After more than 11 years of dictatorship, the first national elections were held in Uruguay, signaling the resumption of democratic life. In this context, the debate on how to deal with the human rights violations that took place during the civil-military regime gave rise to multiple disputes, displaying different strategies of confrontation between political and social actors, which made it possible to visualize the power relations at stake in such context. Criminal charges of kidnappings, disappearances and torture against the military produced important institutional movements that put in check the recently installed Colorado government. The consequence was the vote on the «Expiry Law» (Law No. 15,848) that directly checked the investigations in progress. In response, a resistance network was rapidly activated and coalesced as the National Pro-Referendum Commission, which sought the Law’s annulment through a Referendum. The article proposes a reading of the different power relations, the new actions of resistance in legal frameworks and the political strategies that culminate with the referendum of April 16, 1989.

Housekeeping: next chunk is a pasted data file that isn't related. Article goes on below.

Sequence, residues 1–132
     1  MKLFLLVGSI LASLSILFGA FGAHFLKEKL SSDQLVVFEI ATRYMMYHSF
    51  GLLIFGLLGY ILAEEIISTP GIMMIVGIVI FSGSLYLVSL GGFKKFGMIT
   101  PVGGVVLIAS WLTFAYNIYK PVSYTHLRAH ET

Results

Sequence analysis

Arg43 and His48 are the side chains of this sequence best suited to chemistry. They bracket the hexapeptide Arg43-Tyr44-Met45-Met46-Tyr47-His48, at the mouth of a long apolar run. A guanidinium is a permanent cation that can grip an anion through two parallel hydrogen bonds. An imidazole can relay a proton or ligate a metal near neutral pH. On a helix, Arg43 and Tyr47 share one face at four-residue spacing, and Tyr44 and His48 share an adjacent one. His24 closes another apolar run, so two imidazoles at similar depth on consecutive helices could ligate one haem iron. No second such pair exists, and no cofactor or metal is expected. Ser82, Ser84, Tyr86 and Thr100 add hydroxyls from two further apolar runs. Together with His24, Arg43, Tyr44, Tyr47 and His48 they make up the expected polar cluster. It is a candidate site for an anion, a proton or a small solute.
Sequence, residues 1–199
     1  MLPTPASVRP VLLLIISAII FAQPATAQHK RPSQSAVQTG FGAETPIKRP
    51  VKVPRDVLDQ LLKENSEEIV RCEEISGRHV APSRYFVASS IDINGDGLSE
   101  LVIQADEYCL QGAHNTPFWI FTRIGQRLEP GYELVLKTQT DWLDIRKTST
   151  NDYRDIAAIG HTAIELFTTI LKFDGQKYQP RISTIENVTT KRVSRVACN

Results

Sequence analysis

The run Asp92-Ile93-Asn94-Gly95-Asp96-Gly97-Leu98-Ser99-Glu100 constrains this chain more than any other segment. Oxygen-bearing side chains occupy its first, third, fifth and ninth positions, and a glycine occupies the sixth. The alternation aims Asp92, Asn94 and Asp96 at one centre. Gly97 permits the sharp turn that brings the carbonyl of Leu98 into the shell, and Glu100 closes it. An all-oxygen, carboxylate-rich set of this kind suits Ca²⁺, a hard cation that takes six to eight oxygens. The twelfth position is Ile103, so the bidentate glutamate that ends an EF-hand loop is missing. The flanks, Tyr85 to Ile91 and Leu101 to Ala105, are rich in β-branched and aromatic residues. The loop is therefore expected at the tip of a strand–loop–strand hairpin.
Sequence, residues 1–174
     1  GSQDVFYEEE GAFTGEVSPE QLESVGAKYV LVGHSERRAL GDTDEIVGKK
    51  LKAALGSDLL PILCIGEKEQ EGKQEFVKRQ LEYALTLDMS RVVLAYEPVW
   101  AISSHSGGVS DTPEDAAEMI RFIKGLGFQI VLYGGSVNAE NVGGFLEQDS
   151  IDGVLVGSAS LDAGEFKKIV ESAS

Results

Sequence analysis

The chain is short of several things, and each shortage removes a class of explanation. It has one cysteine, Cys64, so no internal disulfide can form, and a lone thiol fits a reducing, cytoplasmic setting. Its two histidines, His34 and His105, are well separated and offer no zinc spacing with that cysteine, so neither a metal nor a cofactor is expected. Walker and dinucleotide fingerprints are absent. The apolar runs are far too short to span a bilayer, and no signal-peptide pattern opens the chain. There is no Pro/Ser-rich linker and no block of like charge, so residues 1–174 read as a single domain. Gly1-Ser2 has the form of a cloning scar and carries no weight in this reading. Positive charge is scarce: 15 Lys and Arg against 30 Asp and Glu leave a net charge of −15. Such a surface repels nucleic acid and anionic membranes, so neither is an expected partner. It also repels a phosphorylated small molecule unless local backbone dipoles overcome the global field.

Human rights, Law of Expiration, resistance, power, National Commission Pro-Referendum